Politics, Pensions & Judges|All Bound Up in Bill

     (CN) – In the next few days, Governor Jerry Brown is expected to sign a new law on judges’ pay, an issue that pits the law against politics.
     The amended statute will effectively quash a judgment won by a class of 3,400 active and retired judges and justices in Mallano v. Chiang, where a Los Angeles court ruled that judges should have been given pay raises between 2008-2013 and are entitled to recover what they are owed at ten percent interest.
     In the case, now-retired Justice Robert Mallano said judges and justices had taken pay cuts at the height of the state’s fiscal crisis in 2008, but never received the raises to which they were entitled when state employees were given raises of between 0.10 and 0.97 percent since then. Likewise for retired judges, whose pensions are tied to judicial salaries.
     The state has appealed the ruling.
     Not liking the idea of a ten percent judgment payout, Brown decided to repeal Government Code Section 68203, which ties judicial pay to the average of what state employees earn. The California Judges Association met with the representatives for the governor’s finance department over the last few weeks to mitigate that proposal, arguing that it would force judges to politicize their salaries by having to beg the legislature and governor for raises in the future.
     What resulted was a compromise trailer bill clarifying some of the language in the code section to say that judges’ pay will be offset by state employee furloughs. It also adds a section that effects the Mallano judgment by changing the interest calculation to the Pooled Money Investment Account rate, which currently floats somewhere between 2 percent and 0.2 percent; much less than the 10 percent rate that the judgment ordered.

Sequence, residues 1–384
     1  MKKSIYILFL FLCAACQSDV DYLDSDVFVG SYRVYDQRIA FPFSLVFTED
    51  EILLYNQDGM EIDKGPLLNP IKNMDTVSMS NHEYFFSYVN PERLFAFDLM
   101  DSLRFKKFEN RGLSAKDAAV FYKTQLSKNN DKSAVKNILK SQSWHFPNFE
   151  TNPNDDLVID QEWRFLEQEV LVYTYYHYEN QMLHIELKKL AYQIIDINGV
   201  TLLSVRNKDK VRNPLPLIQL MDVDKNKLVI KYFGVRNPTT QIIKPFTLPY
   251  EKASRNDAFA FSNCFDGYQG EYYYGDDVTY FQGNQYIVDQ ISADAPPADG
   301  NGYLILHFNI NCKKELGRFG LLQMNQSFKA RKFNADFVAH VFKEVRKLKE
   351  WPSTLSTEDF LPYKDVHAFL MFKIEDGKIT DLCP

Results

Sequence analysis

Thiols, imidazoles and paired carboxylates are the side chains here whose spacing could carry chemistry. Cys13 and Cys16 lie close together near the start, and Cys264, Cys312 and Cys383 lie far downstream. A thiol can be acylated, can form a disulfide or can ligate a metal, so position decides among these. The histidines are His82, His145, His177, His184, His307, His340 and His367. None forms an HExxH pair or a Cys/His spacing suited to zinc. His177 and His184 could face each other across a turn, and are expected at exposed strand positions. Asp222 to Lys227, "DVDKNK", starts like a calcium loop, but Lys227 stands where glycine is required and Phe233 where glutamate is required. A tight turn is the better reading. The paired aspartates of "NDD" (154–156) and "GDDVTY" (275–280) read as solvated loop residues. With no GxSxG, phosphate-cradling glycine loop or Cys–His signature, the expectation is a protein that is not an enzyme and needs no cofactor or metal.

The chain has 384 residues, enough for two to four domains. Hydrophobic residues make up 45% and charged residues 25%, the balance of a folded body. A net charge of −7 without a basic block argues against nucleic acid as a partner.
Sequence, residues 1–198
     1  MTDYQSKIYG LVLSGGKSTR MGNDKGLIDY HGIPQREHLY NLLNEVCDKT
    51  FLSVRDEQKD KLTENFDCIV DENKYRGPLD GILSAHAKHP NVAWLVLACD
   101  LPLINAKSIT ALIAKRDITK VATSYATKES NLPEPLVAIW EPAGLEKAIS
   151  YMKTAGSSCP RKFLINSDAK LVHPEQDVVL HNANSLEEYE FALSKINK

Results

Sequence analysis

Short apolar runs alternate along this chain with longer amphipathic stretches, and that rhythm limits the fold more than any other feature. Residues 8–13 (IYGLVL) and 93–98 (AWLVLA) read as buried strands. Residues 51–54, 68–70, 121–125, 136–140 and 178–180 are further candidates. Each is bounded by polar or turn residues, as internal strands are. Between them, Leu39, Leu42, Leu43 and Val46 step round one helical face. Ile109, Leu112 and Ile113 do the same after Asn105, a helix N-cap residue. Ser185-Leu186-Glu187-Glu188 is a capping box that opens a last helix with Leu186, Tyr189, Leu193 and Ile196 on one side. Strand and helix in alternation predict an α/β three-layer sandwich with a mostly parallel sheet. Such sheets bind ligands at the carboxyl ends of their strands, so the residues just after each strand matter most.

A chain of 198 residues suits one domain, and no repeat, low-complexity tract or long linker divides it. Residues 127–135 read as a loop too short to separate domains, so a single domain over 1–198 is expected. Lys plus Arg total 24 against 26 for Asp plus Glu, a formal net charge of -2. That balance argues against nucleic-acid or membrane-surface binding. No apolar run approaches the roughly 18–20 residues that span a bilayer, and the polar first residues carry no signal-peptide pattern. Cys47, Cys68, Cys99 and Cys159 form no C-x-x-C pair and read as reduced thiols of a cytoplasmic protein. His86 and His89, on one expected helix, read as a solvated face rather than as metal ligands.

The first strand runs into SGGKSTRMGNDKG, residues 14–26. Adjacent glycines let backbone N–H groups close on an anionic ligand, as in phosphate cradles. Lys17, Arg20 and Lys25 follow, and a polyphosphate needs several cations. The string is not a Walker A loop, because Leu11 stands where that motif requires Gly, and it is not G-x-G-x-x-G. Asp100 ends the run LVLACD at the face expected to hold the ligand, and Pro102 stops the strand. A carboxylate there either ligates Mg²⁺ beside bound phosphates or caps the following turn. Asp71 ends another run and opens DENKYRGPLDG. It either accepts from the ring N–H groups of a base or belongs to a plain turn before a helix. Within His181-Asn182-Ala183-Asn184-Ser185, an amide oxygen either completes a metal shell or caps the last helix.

“The proposed amendment seeks to all but wipe out the legal interest we are entitled to under the law,” Mallano wrote in an email statement. “If the state employees sue for their raises and win, they get 10% pre-judgment interest; if judges sue and win, .05% at today’s rates. Pure and simple anti-judge discrimination. The prejudgment interest is approximately $5,000 per judge.”
     He said, “This legislation is garbage: spiteful retaliation by the Department of Finance,” and urged judges to oppose it.
     But the trailer bill passed both houses in the Legislature along with the budget, and is now on Brown’s desk.
     Mallano was unreachable through his attorney Raoul Kennedy with Skadden Arps in Palo Alto, who did not reply to email and phone requests for comment.
     Brown spokesman H.D. Palmer said he expects Brown will sign the trailer bill into law sometime next week. “The Administration supports the change because it ensures that any furloughs of state workers are taken into account when calculating raises for judges,” he said.
     Palmer also noted that the PMIA rate “reflects the state’s interest earnings and is the same way we calculate interest owed in many other state matters.”
     But judges across the state felt betrayed, as they learned after the fact that the CJA was involved in negotiating the deal with Brown.
     “What developed here was done in secret. It was at the behest of the the Governor’s office and the Department of Finance,” said Judge Steve White of Sacramento Superior Court, head of the judges group The Alliance of California Judges.